At the end of the day, I try to reflect and write down the best part of my day, the worst part of my day, and something that I'm grateful for.


Best – my hilarious conversation with Kyle about her pregnancy footwear which has only included Croc flip flops and UGGs.
Worst -- sitting in an hour of traffic on the way home from the doctor (Sidebar: STOP SCHEDULING DOCTOR'S APPOINTMENTS AT 4PM).
Grateful - for the man in line at the post office who let me borrow his pen.


Best – finishing my work review.
Worst – doing my work review.
Grateful – that I will never be farther away from next year’s work review than I am right now.


(A particularly dramatic day.)

Best – finding peace at yoga class. 
Worst – having my peacefulness disrupted after tripping in my living room while carrying grocery bags, skinning my knee and spilling all of my grape tomatoes on the floor.
Worst - no one – including my landlords who live right next door and definitely heard me crashing to the ground - called to check to see if I was ok.
Worst - Jacob did not show me enough sympathy for my injuries. 
Grateful - I didn't die when I fell and spilled the groceries.

Despite him coming up short after the grocery fall, I let/made Jacob get in on the game too.  

Best - remembering how to find the guitar shop without looking at my GPS (um, ok? Boys are weird.)
Worst – stepping out of my car directly into a puddle on the street.
Grateful – for beer in my fridge (A simple guy, that JJ).

Aside from inspiring humorous anecdotes (one day the thing for which I was most grateful was peanut butter and jelly sandwiches), keeping a “BWG” journal has done what my therapist suggested it would by helping me get some of the anxiety-producing thoughts in my head, out on paper.
The results have surprised me.

Just like a thermos keeps cold things cold and hot things hot, (how does it know?), this practice has been strangely effective at helping me remember all of the blessings in my life and the best parts of my day, while also forcing me to acknowledge and then let go of the unpleasant ones.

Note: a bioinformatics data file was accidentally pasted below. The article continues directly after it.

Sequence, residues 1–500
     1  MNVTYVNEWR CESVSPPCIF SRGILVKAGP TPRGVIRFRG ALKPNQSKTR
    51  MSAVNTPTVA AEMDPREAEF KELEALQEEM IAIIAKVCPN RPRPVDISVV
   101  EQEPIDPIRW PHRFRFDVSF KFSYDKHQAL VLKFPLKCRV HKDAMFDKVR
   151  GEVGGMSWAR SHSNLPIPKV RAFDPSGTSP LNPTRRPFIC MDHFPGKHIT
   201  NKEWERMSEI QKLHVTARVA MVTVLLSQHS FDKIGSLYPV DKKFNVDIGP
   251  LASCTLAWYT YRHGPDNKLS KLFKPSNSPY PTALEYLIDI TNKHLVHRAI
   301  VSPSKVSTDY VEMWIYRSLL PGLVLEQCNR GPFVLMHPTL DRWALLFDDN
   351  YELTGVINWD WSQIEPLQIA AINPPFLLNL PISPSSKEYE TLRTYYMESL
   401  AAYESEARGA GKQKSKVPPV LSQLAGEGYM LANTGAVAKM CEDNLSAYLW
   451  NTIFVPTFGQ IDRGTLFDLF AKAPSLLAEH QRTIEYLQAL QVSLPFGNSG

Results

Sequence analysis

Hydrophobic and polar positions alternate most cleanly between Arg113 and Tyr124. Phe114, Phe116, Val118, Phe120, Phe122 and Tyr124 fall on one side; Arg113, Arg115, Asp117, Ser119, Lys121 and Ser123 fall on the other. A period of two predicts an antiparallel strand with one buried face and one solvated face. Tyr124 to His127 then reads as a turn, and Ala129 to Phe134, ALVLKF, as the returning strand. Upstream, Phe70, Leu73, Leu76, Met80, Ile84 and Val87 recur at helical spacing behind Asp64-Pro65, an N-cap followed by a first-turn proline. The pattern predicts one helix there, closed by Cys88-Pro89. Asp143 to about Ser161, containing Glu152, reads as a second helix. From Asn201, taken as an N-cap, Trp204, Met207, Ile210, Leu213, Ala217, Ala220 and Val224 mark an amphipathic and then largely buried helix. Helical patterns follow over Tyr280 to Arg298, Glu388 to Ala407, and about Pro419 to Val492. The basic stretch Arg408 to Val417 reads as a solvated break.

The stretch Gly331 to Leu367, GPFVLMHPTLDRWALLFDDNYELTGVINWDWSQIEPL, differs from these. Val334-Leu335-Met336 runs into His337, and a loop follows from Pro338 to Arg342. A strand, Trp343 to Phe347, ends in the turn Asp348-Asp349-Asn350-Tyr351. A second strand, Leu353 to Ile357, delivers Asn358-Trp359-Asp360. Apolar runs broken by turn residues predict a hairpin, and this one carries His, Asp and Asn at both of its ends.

I have stayed more present and have felt, even if just for the five minutes it takes me to complete a day’s entry, less anxious and more at peace.  And talk about perspective - for several days in a row, the worst thing that happened to me was worrying about stuff happening to me.    


So why, then, all of my anxiety? 

Well, I still don't know.  I may never understand why I have it; why on a random Tuesday at work, I can feel like I'm about to deliver a speech to 10,000 strangers, which is the best way that I know how to describe what my anxiety feels like. If history is any indication, though, I’m probably stuck with it for life, so finding ways to cope is the only way I can think to keep on keeping on.

Feeling edgy is the symptom.  Staying present, feeling (and expressing) gratitude, recognizing joyful moments throughout the day and breathing through the bad ones and then surrendering them to the universe - they are the cure. 

And if keeping a gratitude journal helps me stay mindful of all those things, well then, Oprah, that's game I'm more than happy to play.  

Thanks for the suggestion.  

1 comment: